Silence in Hanover Close by Anne Perry

DA735B44-2ACF-4A90-9323-917AF5832859I think the ninth book in the Charlotte and Thomas Pitt series, Silence in Hanover Close, by Anne Perry is my favorite book in the series at this point. Inspector Pitt is asked to reopen a three-year-old murder. As often happens in this series, Pitt’s wife, Charlotte,  involves herself and her sister, Emily,  in the investigation against her husbands wishes. This book takes a few different turns in that investigation than other books displayed which made it a really fun read. 

I really loved Thomas, Charlotte and Emily in this book. They each in their own and different from one another ways, learned and grew. They began to see the world in which they live and function in a different way and learned more about people not just like them. 

As always the Victorian London setting was vivid in descriptions and Perry is great at describing everything in a way that is easy to picture. The ending of the mystery took me completely by surprise and was not at all what I was imagining would happen. 

As this book is part of a series with many recurring characters I do think it is helpful to have read the earlier books to understand some of the things that have happened to the characters but it probably isn’t necessary. The plot isn’t affected by past readings of the series but you do gain more understanding of the characters.

The Accidental Beauty Queen by Teri Wilson

6E332FAE-925C-4D49-A760-65DA125BF143This book was so much fun! It was funny and had me laughing out loud.  Though parts were super cheesy, in this case I felt like it had to be or it wouldn’t have been as good of a book. It also had way more substance than I was expecting.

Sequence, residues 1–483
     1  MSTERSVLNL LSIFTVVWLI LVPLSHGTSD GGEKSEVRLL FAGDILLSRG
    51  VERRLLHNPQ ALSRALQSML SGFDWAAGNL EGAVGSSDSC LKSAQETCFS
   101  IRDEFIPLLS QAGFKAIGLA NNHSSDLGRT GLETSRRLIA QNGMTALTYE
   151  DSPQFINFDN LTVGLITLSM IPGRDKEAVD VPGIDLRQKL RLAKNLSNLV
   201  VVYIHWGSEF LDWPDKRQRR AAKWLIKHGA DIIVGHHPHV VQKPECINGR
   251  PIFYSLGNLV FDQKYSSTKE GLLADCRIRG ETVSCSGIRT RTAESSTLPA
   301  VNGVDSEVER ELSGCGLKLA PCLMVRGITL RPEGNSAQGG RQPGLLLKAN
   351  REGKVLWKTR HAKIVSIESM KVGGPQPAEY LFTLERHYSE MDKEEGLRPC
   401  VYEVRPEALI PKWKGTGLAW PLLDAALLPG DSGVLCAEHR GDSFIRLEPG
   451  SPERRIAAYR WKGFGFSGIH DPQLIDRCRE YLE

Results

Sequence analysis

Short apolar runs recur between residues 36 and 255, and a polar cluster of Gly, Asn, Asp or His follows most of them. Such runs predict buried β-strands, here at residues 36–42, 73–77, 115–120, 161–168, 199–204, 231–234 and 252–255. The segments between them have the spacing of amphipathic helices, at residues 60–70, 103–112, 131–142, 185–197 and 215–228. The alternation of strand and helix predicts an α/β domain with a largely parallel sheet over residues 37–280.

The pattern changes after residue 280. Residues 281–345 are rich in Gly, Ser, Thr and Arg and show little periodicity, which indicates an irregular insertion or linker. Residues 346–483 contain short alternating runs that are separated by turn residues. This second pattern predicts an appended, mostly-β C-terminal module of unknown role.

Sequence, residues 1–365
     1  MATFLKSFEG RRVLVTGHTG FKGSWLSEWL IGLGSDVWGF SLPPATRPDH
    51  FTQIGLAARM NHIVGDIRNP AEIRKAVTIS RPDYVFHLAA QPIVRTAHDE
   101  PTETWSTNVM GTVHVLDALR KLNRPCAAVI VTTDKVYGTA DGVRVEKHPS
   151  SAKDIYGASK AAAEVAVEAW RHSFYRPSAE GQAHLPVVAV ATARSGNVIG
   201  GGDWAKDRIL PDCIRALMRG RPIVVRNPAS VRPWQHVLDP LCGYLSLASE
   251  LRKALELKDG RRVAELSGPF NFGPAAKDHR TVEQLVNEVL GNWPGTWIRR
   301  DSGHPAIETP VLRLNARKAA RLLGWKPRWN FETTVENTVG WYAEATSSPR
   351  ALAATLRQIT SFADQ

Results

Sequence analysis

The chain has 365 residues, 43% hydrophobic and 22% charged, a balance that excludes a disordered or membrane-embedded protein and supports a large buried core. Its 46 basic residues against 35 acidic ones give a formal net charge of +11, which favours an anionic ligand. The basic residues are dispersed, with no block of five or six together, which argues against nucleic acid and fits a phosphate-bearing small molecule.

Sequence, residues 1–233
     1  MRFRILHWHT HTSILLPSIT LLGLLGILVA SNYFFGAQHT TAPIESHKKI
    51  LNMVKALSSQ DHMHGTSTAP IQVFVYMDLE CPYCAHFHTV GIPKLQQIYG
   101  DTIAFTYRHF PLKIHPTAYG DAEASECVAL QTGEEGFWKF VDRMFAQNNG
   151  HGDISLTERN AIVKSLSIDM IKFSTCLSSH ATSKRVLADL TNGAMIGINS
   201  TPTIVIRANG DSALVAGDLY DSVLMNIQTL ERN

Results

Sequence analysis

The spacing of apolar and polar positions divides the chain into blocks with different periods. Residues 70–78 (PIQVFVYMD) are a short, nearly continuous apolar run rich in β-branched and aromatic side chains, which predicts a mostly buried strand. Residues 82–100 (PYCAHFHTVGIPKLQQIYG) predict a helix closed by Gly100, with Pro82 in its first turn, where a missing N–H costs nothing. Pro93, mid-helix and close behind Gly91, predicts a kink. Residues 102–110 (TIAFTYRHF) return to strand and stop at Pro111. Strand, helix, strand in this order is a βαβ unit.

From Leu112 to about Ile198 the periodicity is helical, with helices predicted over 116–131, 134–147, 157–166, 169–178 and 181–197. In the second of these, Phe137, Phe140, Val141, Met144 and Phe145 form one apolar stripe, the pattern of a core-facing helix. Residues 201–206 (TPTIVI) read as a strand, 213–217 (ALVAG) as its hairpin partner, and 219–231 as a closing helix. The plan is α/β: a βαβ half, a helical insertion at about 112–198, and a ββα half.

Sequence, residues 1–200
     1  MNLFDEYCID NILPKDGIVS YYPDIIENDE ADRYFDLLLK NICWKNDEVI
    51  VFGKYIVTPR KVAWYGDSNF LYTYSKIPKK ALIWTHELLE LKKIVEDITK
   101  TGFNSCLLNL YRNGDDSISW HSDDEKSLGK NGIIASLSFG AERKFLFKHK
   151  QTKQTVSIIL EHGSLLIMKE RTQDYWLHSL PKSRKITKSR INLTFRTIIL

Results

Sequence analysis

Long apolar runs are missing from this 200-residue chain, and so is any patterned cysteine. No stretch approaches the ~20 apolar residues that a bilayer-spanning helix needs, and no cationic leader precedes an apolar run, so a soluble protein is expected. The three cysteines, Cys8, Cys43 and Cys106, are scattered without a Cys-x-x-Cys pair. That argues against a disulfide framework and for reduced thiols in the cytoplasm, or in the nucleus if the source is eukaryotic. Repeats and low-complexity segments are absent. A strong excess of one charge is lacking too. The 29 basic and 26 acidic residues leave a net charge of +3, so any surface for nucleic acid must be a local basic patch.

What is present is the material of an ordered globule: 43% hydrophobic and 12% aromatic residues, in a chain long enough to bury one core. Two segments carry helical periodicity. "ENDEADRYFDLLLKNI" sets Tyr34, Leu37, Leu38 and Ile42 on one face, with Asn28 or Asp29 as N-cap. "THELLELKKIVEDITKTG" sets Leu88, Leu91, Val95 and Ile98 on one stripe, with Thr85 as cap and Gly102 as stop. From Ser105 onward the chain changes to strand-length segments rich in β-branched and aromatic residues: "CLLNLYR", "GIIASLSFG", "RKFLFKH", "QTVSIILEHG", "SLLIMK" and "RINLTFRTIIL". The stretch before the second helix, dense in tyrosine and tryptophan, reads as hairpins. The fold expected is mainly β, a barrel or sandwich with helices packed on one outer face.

Themes of losing a parent, beauty pageants, acceptance, twins, body image, prejudices.

I listened to the audiobook which I think really added to how much fun the book was.

Fruit of the Drunken Tree by Ingrid Rojas Contreras

9F16FB87-737B-4D0F-BE34-0C450CE95A72Fruit of the Drunken Tree by Ingrid Rojas Contreras is the story of a young girl, Chula, and her family living in Columbia, along with their maid, Petrona. The story of their lives living in a very turbulent Columbia during the time of drug lord, Pablo Escobar and constant guerrilla terror is told in the perspectives of Chula and Petrona. Chula and her family live in a home in a gated community, Chula’s Father has a job, she goes to school, she has a supportive mother and sister. Petrona has lost her father and many of her brothers. She is the sole supporter for her family who live in poverty and includes a sick mother and several young siblings. Through the two perspectives we see how the lives of those with money and those in poverty were different and yet also the same during difficult circumstances such as car bombings, recruitments to gangs or guerrilla organizations, murders, kidnappings and betrayals.

For me the setting of Columbia was a huge part of this book. There was much I learned about Columbia and I did more research on Columbia while reading this book. The events spoken of in the book are actual events. The author grew up in Columbia and experienced many of the things spoken of and I think that is what made so many of the details of Columbia and these events seem so real to me. The writing was descriptive enough for me to get a complete picture but not so descriptive that the characters became lost. 

I really loved the character of Chula and as the story of her life unfolds we see how Columbia not only made her into the person she is by the end of the story but we understand why that is. I did sometimes struggle with the differences in how Petrona was portrayed in Chula’s narration and then when Petrona narrated. She didn’t always seem like the same person but that might have been done on purpose to show that Chula did not know everything about the family maid. 

I really enjoyed this book about fear, love, guilt, and survival. It helped me to understand people who live in a dangerous country and the things that they go through every day. 

My copy of Fruit of the Drunken Tree was provided by the publisher via Netgalley in exchange for an honest review.